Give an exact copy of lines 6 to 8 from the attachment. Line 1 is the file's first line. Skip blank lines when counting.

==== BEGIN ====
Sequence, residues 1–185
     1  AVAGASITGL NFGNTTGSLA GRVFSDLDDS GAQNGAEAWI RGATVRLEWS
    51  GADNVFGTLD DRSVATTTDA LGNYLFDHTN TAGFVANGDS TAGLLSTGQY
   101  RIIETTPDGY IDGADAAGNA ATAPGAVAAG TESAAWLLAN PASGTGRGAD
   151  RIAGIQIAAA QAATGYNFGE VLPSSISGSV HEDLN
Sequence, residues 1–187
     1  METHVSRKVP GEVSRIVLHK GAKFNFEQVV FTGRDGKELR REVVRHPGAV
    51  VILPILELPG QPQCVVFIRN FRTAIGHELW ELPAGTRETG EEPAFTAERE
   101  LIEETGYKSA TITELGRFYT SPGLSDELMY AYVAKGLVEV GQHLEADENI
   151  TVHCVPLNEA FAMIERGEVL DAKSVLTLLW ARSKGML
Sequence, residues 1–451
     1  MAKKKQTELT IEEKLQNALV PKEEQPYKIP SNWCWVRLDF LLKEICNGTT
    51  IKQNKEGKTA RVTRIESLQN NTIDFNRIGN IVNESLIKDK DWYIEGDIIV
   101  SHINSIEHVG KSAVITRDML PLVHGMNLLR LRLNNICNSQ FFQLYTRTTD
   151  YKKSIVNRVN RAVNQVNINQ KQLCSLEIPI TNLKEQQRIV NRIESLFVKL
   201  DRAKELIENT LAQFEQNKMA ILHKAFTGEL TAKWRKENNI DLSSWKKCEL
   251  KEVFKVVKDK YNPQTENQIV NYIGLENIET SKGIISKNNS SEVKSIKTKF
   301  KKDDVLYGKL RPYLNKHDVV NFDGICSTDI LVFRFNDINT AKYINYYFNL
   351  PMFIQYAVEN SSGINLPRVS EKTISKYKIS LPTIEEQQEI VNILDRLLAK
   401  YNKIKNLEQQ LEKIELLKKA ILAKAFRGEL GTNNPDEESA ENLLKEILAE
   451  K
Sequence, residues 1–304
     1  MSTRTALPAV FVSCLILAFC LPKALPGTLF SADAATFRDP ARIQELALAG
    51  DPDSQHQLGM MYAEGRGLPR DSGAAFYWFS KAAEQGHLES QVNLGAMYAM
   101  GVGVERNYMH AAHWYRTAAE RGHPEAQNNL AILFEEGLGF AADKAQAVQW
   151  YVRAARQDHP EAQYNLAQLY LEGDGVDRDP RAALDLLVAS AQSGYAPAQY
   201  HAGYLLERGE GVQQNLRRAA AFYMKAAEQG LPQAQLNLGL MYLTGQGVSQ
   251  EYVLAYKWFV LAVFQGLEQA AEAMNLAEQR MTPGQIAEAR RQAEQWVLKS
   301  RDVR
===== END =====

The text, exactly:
Sequence, residues 1–187
     1  METHVSRKVP GEVSRIVLHK GAKFNFEQVV FTGRDGKELR REVVRHPGAV
    51  VILPILELPG QPQCVVFIRN FRTAIGHELW ELPAGTRETG EEPAFTAERE